The moment Ron Weston's feet hit the ground he was blown five metres through the air as 13,000 volts shocked his body.
The crop farmer from Korong Vale in north-west Victoria hadn't realised the self-propelled sprayer he was driving had hooked onto an overhead powerline on his property.
"It blew one of the back tyres on the machine and I heard that go off and got out to see what the noise was," he said.
"I always tell people not to get out of a vehicle if you hit a line, but I didn't realise I was tangled up in the powerline at the time."
He was found 40 minutes later by a work mate and was flown to hospital in Melbourne.
"I had burns and I had holes blown through my feet and other parts of my body where the electricity arced out. I was in a pretty bad way for a while there," Ron said.
"It affects you a lot more than you think. There's a lot more to it than just patching up the wounds, it took 12 months really before I started to feel any good psychologically."
Ron's not alone in his experience.
There were 255 incidents involving powerlines in the first six months of 2023 in Victoria, causing concern for electricity distributor Powercor.
The number is climbing towards the yearly average of 307, with most generally involving excavators and backhoes, and on occasion trucks, hand tools and farm machinery.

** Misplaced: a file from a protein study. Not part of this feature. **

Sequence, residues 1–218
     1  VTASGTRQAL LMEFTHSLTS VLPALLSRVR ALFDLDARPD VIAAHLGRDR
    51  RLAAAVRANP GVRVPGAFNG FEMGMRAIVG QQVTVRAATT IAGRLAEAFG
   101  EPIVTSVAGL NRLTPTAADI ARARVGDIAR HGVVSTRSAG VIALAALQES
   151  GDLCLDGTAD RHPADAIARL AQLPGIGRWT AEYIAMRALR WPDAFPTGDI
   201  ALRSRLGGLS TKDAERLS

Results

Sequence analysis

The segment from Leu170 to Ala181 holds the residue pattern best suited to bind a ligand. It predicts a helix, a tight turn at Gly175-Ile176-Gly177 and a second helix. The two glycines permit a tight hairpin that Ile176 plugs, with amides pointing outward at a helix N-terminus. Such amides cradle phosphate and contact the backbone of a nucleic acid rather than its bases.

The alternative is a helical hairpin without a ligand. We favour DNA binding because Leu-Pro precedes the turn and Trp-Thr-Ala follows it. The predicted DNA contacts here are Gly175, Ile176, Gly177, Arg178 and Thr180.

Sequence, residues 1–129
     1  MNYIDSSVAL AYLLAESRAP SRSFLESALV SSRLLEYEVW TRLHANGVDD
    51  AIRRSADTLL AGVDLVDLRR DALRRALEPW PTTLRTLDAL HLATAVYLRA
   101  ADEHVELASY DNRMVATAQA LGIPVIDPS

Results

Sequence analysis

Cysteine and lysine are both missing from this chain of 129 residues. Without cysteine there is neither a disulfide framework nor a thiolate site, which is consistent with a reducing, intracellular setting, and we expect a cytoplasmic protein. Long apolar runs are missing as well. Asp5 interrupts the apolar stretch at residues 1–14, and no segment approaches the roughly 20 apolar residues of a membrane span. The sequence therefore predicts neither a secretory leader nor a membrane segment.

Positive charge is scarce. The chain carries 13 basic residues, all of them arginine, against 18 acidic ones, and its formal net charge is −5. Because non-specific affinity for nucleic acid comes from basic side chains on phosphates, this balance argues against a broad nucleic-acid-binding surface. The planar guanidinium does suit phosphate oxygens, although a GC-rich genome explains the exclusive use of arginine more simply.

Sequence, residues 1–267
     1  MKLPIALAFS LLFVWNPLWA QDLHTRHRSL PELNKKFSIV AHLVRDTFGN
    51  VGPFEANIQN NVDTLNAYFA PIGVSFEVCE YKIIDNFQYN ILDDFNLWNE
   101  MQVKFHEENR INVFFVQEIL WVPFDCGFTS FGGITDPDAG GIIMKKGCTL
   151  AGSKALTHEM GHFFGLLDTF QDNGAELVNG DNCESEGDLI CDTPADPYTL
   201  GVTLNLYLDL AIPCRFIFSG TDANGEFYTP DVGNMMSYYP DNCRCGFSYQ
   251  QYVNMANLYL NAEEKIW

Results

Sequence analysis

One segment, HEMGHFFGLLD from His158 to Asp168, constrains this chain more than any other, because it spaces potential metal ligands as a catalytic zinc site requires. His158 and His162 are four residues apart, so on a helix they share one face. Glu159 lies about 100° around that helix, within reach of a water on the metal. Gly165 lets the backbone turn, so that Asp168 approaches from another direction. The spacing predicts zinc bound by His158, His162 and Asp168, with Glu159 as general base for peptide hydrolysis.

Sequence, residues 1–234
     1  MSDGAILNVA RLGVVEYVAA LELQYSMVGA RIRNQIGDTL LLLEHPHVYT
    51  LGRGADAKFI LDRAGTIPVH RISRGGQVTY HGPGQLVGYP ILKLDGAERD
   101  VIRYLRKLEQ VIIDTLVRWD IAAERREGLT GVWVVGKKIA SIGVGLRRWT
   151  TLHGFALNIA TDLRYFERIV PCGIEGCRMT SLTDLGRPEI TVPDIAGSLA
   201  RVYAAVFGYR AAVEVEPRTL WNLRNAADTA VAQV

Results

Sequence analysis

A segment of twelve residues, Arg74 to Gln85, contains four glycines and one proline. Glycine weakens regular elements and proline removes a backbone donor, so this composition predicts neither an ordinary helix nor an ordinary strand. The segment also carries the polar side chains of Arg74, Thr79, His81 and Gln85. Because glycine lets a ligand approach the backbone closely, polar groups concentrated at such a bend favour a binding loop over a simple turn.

Ron said he wasn't aware, and suspected others wouldn't be either, of how dangerous the sole power lines called single-wire earth returns were.
"They can spark a metre or more and in a split second they can put you in the cemetery," he said.
"It just happens, it's an accident and maybe you lose a bit of concentration and all of a sudden you're in trouble."
IN OTHER NEWS:
Powercor's Luke Farrugia said 2023 was becoming one of the worst years in recent times for powerline contact incidents.
"Everyone needs to think about powerline safety at all times, no matter what sort of work they're doing," he said.
He urged anyone planning a job using machinery to enter the address into the Look Up and Live app for information about any overhead wires in the area.
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